Welcome to ImpactFees.com

NEW! The 2012 National Impact Fee Survey is now available (see link below).

STILL RELEVANT. A 2010 study of Florida counties found no differences in building between counties that had reduced or suspended fees and those that did not (see resources, general).

Welcome to ImpactFees.com, the nationís most comprehensive and current collection of online information relating to impact fees and infrastructure financing. This website is provided as a public service by Duncan Associates, one of the nationís leading impact fee consulting firms.

Over the past quarter century, impact fees have become an integral part of local government infrastructure financing. As an offspring of the negotiated exaction and the fee-in-lieu of land dedication, impact fees have done more to change our approach to paying for public facilities than any other single financing technique. Because of them, the phrase "growth should pay its own way" is now part of our national vocabulary.

Impact fees come in many forms and flavors. They first appeared on the American scene in the 1950s and 1960s as capital recovery fees for the funding of water and wastewater facilities. With the decline of Federal and State grants to local governments and the ascension of the anti-tax revolution in the late 1970s, their use was expanded to several non-utility facilities, such as roads, parks and schools. It was not until the 1980s, however, that impact fees began being universally used for a broader array of municipal facilities, such as fire, police and libraries.

After a series of court cases in Florida, California and Utah validated their usage in the early 1980s, impact fees quickly spread throughout the rapidly-urbanizing Sunbelt and Rocky Mountain West. These cases collectively set forth the "rational nexus" legal doctrine, which established a regulatory road map for the drafting of impact fees at the local level.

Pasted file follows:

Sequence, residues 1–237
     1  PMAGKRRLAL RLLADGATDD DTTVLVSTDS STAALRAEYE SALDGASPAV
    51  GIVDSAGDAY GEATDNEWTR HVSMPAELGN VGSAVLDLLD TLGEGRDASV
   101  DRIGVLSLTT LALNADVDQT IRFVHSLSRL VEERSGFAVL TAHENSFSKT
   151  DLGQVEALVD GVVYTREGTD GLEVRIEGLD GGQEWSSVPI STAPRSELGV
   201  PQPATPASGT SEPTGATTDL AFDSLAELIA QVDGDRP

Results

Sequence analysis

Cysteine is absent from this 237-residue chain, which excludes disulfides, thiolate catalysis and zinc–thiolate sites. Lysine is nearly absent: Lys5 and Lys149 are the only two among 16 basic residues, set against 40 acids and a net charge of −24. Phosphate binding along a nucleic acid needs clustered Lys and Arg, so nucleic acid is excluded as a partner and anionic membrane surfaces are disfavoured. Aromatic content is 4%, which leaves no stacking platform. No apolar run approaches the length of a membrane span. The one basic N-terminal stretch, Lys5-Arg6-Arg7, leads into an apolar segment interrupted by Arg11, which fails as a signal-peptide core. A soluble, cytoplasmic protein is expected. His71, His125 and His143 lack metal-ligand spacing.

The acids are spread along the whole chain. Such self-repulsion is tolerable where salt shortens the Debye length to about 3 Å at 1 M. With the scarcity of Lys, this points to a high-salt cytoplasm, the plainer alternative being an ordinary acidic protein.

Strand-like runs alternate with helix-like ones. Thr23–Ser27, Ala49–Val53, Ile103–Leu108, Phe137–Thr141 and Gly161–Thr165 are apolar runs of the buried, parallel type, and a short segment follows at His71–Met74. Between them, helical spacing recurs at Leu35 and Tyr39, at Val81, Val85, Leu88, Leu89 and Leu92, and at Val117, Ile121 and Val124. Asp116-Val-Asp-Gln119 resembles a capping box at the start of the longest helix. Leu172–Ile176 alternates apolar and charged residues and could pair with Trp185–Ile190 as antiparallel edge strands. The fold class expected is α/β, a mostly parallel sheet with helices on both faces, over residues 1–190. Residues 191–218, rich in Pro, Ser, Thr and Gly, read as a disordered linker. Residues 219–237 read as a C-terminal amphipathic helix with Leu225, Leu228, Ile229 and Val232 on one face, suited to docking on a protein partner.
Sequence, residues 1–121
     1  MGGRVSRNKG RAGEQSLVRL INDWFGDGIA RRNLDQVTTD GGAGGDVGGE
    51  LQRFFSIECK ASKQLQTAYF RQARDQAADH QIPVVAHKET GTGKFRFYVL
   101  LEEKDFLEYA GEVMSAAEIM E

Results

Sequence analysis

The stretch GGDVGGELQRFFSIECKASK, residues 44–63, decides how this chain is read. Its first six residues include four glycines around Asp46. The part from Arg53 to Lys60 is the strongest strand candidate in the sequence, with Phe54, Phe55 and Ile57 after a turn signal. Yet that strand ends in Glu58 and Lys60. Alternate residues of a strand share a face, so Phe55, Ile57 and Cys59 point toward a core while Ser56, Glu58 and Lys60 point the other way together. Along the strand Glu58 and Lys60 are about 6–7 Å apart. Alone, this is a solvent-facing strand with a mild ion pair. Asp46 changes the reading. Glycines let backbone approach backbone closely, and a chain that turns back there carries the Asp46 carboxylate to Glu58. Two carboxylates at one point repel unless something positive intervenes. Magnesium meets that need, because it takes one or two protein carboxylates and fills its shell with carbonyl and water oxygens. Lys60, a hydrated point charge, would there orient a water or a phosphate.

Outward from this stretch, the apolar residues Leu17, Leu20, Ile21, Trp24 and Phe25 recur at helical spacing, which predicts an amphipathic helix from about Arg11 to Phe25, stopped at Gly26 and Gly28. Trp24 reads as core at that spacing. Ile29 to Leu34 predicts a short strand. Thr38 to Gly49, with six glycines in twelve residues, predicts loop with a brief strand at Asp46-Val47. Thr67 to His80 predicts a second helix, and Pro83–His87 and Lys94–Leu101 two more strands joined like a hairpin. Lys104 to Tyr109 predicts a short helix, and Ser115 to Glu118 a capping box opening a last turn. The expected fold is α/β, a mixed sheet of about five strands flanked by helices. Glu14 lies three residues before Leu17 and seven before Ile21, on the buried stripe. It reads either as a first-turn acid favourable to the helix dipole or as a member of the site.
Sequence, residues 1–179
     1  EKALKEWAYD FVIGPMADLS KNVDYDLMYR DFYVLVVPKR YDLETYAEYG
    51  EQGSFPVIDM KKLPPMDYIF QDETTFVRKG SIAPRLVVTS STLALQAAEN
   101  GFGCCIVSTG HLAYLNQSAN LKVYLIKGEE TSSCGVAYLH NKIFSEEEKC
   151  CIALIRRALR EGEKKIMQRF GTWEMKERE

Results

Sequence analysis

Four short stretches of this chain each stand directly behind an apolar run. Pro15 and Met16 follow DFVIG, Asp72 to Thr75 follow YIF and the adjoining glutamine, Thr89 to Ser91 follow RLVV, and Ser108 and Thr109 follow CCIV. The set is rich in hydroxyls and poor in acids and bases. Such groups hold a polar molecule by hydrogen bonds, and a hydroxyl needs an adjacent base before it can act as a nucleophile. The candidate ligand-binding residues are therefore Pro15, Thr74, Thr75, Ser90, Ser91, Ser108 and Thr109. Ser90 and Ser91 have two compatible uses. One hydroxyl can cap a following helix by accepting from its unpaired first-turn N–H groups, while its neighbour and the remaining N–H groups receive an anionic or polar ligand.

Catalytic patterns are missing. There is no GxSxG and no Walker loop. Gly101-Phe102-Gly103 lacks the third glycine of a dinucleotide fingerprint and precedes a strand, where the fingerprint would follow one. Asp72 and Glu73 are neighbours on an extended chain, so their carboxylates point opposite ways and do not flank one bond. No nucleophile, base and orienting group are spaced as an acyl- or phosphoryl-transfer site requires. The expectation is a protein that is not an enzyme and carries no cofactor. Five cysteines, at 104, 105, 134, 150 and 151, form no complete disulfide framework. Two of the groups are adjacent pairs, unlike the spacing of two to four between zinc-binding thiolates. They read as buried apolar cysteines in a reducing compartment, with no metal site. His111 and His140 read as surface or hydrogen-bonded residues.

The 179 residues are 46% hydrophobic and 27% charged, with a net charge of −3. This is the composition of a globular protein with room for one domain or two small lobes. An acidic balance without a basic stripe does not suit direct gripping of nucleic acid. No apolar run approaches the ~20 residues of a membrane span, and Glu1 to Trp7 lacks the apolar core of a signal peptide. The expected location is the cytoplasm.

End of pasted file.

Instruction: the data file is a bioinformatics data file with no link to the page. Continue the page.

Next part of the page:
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      In 1986, Texas adopted the first impact fee enabling act. Since then, over half of all states have adopted such acts. Cities and counties in other states generally adopt impact fees under home rule authority or private acts. In 1988, the American Planning Association published the first comprehensive collection of scholarly and practitioner essays on the impact fee phenomenon. The book became an immediate best-seller.

      This website is dedicated to several former Florida colleagues tthat were primarily responsible for the birth of impact fees as we know them today. In the early 1970s, Broward County was witnessing extraordinary growth and rapidly declining service levels. Led by County Commissioners, Anne Kolb, Ken Jenne and Howard Forman, the County adopted a new Charter, mandated land use planning, passed a major capital bond issue, drafted a new land development code and adopted a new financing tool called an "impact fee". It was their vanguard efforts that reshaped the way that American cities and counties now pay for public infrastructure.

      Jim Duncan
      James B. Duncan, FAICP    
      President, Duncan Associates    

 

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National Impact Fee Survey

A survey by Duncan Associates, giving average fees for single-family detached, multi-family, retail, office and industrial land uses.
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